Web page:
WASHINGTON - The Independent Bankers Association of America has "opened the door wide" for the insurance industry's drive to limit bank powers, a rival trade group official charged.
Last week, the Independent Bankers said banks should be permitted to market insurance statewide from small towns, but not nationwide as the Office of the Comptroller of the Currency has allowed.
The trade group said national insurance sales are "closely tied to national interstate branching," which it opposes.
"That's just terrible," responded Edward L. Yingling, executive director of government relations for the American Bankers Association.
"In the insurance area, you don't give away anything," he added.
"The IBAA has said insurance powers should stop at the state border, but the [insurance] agents won't stop there."
By law, national banks are permitted to sell insurance in towns of under 5,000 persons. The Comptroller's office has interpreted that to mean that an institution can market insurance nationwide from small towns - and that policy has been upheld in the courts.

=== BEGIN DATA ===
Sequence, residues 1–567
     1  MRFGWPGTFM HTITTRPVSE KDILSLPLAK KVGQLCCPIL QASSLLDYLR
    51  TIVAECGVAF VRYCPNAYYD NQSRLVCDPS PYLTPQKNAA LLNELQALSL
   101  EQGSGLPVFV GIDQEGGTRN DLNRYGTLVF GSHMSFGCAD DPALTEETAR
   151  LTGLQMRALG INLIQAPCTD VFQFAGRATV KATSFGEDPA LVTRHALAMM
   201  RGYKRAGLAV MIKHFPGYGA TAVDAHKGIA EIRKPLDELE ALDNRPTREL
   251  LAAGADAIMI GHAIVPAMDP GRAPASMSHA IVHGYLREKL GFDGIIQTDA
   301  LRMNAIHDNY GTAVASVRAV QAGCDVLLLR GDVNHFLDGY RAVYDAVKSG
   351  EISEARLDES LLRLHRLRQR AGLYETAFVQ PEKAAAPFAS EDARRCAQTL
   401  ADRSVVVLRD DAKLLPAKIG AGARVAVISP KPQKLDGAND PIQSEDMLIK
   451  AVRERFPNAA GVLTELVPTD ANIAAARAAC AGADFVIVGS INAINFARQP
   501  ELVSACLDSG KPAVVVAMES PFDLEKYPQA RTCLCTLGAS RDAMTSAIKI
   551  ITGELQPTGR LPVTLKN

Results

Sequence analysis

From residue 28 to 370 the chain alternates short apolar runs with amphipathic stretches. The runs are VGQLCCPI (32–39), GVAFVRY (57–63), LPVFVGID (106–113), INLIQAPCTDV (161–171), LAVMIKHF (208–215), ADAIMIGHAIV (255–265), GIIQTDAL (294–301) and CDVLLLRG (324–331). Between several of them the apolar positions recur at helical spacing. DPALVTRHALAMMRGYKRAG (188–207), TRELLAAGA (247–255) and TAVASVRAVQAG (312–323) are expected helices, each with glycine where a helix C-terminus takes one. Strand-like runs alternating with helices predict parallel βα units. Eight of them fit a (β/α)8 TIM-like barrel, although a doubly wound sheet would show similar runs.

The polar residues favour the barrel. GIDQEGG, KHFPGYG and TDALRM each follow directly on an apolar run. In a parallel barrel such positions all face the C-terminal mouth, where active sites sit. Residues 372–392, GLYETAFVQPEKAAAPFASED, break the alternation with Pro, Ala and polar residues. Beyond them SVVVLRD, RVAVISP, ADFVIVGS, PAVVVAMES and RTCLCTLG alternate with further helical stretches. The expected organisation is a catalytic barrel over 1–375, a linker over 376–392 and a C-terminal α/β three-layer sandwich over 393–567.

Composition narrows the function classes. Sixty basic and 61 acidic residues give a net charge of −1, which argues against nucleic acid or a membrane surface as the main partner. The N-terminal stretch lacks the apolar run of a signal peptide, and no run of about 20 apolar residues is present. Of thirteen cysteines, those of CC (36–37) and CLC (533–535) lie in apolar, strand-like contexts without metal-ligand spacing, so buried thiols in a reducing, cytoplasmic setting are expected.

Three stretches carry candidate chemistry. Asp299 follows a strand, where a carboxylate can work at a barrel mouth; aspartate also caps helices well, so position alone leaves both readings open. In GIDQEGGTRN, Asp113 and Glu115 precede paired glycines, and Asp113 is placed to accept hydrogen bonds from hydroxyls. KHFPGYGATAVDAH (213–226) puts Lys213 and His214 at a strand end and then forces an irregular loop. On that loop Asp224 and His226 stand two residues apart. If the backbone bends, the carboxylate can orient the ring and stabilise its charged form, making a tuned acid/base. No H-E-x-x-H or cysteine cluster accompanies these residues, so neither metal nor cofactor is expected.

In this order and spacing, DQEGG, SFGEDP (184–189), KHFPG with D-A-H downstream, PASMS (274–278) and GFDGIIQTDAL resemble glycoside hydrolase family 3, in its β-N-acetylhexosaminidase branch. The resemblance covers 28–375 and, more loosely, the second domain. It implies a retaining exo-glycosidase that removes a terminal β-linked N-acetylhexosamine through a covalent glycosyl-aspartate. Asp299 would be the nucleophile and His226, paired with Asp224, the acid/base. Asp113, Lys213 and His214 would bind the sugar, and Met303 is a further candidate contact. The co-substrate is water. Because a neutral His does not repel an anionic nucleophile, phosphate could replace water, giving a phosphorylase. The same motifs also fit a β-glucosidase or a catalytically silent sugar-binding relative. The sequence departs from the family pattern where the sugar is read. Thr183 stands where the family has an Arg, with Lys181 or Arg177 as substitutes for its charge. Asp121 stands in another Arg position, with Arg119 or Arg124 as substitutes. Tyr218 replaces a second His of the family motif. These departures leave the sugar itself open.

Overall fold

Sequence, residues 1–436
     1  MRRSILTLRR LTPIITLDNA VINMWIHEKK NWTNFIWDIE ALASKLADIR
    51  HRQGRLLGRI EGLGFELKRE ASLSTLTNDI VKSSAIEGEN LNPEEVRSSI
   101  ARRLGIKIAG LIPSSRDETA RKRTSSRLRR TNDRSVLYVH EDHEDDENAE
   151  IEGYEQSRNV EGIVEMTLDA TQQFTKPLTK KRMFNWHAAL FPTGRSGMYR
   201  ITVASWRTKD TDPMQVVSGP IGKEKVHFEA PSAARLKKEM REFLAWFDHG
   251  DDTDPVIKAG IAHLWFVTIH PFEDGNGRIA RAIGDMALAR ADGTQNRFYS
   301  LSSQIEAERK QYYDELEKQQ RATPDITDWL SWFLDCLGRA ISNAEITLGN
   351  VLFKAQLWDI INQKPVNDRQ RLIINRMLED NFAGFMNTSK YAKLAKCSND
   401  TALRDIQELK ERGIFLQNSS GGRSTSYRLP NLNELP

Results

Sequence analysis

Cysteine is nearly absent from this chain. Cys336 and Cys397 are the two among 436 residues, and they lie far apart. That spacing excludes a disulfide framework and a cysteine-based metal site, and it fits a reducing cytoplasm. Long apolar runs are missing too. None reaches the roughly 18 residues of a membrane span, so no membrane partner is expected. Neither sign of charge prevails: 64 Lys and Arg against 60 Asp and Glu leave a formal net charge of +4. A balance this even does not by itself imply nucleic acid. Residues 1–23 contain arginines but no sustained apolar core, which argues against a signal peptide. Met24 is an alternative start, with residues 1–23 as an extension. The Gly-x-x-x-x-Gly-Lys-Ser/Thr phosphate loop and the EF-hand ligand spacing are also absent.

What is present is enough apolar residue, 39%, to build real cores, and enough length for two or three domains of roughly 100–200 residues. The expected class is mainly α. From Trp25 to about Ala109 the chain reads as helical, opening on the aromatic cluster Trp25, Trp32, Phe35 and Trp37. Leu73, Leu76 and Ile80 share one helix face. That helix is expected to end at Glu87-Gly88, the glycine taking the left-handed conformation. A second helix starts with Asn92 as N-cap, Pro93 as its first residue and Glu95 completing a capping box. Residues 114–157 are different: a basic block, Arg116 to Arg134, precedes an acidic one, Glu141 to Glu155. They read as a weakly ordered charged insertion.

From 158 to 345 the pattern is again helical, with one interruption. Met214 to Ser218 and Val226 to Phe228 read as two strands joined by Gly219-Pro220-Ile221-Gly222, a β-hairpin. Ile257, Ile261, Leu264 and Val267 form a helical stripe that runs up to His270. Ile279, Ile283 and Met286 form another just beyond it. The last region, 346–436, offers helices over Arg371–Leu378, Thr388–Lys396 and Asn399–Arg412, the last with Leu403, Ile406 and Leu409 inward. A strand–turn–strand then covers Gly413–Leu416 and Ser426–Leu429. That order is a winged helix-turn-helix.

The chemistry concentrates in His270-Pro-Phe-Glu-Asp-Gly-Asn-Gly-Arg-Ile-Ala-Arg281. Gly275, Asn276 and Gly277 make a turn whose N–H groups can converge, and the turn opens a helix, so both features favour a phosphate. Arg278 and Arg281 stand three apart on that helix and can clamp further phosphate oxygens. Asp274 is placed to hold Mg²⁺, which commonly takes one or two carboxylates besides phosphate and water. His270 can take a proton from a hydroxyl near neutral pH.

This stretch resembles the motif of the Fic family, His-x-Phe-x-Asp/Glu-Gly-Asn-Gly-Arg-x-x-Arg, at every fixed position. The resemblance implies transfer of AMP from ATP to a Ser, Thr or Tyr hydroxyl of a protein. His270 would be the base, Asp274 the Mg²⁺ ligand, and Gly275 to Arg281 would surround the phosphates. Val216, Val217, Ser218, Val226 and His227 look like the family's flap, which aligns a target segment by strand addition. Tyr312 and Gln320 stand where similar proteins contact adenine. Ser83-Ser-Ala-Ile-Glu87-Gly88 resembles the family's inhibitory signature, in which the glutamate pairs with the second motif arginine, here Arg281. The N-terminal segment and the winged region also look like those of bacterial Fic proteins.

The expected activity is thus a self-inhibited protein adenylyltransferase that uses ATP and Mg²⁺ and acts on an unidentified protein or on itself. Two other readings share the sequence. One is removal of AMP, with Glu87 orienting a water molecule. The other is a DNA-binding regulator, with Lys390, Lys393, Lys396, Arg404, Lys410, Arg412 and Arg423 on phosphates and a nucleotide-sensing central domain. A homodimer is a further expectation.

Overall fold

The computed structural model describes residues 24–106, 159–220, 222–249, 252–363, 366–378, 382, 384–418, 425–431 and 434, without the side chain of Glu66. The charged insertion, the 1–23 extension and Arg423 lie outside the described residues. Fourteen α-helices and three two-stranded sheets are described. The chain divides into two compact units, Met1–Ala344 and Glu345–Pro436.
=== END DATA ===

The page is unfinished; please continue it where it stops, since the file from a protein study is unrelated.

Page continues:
The Independent Insurance Agents of America and other insurance groups have sought legislation that would restrict sales to the towns themselves and their environs. Until now, the IBAA has supported the agents.
The IBAA said its new position moves it closer to that of the rest of the banking industry. But Mr. Yingling disagreed.
"It gives members of Congress an excuse to act" on legislation favored by the insurance agents, Mr. Yingling said. "They can say the banking industry is split on the issue."
Mr. Yingling argued that the IBAA policy is potentially worse for community banks than the position advanced by the agents, since some small institutions sell insurance in local markets that cross state borders.
But Stephen J. Verdier, a lobbyist for the IBAA, said his group's policy merely builds upon the small-town doctrine.
"We say banks should continue to serve their community, but say the authority should be extended to insurance sales within the entire state," he said.
Mr. Verdier added that the insurance industry's concerns would likely be taken up by Congress because of recent court decisions upholding the Comptroller's decision.